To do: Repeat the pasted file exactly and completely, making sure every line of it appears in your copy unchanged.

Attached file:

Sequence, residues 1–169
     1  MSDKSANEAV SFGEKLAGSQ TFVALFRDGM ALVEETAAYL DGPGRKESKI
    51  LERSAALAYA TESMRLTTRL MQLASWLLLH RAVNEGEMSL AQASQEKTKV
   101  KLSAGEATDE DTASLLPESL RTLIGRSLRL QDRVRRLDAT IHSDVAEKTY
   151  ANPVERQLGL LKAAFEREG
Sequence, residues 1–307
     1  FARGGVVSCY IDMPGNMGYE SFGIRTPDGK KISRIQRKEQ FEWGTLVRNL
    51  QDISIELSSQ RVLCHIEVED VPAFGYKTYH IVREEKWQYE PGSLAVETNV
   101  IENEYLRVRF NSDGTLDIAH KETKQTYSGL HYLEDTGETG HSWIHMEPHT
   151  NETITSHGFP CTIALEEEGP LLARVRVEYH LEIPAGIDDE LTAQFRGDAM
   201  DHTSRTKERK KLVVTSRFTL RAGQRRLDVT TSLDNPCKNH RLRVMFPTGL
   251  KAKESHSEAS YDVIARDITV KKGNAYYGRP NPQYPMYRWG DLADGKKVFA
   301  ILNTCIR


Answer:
Sequence, residues 1–169
     1  MSDKSANEAV SFGEKLAGSQ TFVALFRDGM ALVEETAAYL DGPGRKESKI
    51  LERSAALAYA TESMRLTTRL MQLASWLLLH RAVNEGEMSL AQASQEKTKV
   101  KLSAGEATDE DTASLLPESL RTLIGRSLRL QDRVRRLDAT IHSDVAEKTY
   151  ANPVERQLGL LKAAFEREG
Sequence, residues 1–307
     1  FARGGVVSCY IDMPGNMGYE SFGIRTPDGK KISRIQRKEQ FEWGTLVRNL
    51  QDISIELSSQ RVLCHIEVED VPAFGYKTYH IVREEKWQYE PGSLAVETNV
   101  IENEYLRVRF NSDGTLDIAH KETKQTYSGL HYLEDTGETG HSWIHMEPHT
   151  NETITSHGFP CTIALEEEGP LLARVRVEYH LEIPAGIDDE LTAQFRGDAM
   201  DHTSRTKERK KLVVTSRFTL RAGQRRLDVT TSLDNPCKNH RLRVMFPTGL
   251  KAKESHSEAS YDVIARDITV KKGNAYYGRP NPQYPMYRWG DLADGKKVFA
   301  ILNTCIR